Michael Shannon plays the first song he ever wrote for Seth Meyers — and it's about armadillos

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·2 min read
Michael Shannon plays the first song he ever wrote for Seth Meyers — and it's about armadillos
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These days, Michael Shannon is well-known for being a singer in addition to an accomplished actor. (Shannon is a member of the indie rock band Corporal.) But everyone starts somewhere and for Shannon, that somewhere was a band called Jehovah's Suspects which he formed with his friends when he was 15 years old.

While visiting Late Night With Seth Meyers on Thursday, Shannon recalled the days of "dixie cups filled with some incorrect amount of alcohol and soda pop" and playing covers of songs by Lynyrd Skynyrd and Led Zeppelin. It was also where, Shannon revealed, he cut his chops writing his first tune.

"I wrote my first song at 15," Shannon said, adding that his band reacted positively to the song because "it was mostly one chord and it wasn't too fast, so it wasn't hard to play." He then proceeded to pull a guitar from behind the couch and serenade the audience with an exclusive performance of "The Armadillo Song."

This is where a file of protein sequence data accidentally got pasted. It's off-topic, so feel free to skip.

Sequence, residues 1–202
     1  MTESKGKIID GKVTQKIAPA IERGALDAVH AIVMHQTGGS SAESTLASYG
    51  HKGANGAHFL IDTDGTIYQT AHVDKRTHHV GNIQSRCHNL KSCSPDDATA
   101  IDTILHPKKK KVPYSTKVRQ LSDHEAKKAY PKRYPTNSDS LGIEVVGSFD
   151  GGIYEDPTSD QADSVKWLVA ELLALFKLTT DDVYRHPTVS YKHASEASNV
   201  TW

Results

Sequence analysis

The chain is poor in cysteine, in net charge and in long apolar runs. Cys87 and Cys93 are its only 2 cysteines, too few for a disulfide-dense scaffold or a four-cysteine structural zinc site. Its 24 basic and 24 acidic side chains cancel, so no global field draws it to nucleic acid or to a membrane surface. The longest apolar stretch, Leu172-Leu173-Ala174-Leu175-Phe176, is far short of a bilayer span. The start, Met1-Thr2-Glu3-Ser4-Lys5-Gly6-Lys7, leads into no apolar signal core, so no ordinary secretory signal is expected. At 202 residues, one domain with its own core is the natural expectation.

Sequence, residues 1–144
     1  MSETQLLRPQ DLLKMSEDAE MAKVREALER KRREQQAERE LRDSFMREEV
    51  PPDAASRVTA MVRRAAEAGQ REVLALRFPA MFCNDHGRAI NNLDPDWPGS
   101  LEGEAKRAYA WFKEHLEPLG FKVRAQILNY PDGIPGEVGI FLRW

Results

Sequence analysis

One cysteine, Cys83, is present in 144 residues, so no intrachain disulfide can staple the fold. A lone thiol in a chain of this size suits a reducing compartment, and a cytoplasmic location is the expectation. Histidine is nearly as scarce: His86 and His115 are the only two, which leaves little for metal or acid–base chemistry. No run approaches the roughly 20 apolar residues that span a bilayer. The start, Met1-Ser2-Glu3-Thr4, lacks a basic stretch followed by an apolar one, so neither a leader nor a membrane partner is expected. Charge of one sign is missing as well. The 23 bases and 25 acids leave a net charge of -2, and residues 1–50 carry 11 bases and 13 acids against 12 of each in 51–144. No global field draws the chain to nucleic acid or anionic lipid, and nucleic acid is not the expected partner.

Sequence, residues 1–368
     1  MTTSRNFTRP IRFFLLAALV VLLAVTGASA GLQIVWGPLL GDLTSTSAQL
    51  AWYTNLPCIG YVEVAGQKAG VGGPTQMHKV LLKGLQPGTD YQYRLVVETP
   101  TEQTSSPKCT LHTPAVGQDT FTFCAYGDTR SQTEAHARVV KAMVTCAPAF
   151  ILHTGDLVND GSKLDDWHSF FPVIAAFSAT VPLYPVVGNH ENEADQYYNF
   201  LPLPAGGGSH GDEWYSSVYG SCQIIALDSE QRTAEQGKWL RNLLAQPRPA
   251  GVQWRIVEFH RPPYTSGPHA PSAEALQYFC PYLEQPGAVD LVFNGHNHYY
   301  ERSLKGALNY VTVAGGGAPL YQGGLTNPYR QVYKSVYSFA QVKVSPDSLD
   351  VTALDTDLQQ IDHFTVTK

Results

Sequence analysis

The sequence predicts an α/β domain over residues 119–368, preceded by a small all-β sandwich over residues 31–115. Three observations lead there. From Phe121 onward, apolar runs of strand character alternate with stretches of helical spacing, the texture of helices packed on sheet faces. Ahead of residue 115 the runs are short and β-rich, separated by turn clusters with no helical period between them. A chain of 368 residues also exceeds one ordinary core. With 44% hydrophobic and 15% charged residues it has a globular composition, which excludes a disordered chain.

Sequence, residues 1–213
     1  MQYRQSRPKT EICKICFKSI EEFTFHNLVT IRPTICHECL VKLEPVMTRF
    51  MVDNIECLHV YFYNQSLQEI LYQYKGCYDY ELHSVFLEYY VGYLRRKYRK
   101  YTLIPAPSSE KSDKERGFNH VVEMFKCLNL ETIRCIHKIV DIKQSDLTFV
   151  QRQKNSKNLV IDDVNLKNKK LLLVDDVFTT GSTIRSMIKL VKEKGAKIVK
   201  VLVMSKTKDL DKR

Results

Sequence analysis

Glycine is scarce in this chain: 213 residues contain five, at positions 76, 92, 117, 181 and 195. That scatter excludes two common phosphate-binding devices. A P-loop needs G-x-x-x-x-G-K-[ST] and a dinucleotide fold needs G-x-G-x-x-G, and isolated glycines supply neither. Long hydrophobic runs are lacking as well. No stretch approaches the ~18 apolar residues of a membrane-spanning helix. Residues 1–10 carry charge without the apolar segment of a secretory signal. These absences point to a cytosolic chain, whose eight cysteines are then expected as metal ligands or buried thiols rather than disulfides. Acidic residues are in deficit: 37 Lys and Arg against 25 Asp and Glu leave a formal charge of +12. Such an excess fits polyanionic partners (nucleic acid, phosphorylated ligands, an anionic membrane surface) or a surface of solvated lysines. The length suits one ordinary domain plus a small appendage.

Lloyd Bishop/NBC/NBCU Photo Bank via Getty Images Seth Meyers and Michael Shannon on 'Late Night With Seth Meyers.'

With lyrics like "I remember the day when I left home / My momma started crying and my pop gave me a comb / He said you got to look presentable otherwise they don't care / Never seemed to notice we ain't got no hair" and "I'm an armadillo with a hard shell and I was made to roam this desolate hell," Shannon gets deep into the metaphorical imagery that he explained was more personal than factual.

"I imagined an armadillo in the desert struggling to survive, which is how I very much felt as my 15-year-old self," Shannon said. "I could identify with that."

Years later, the actor admitted he visited Cumberland Island on a camping trip where he learned that not only do armadillos live in a lush environment, they actually do have tons of hair — just not on the front part of their bodies. And even though it forced him to take a "good, hard look" at his song, he refused to change it. After all, why mess with iconic art?

Watch the interview and Shannon's performance below.

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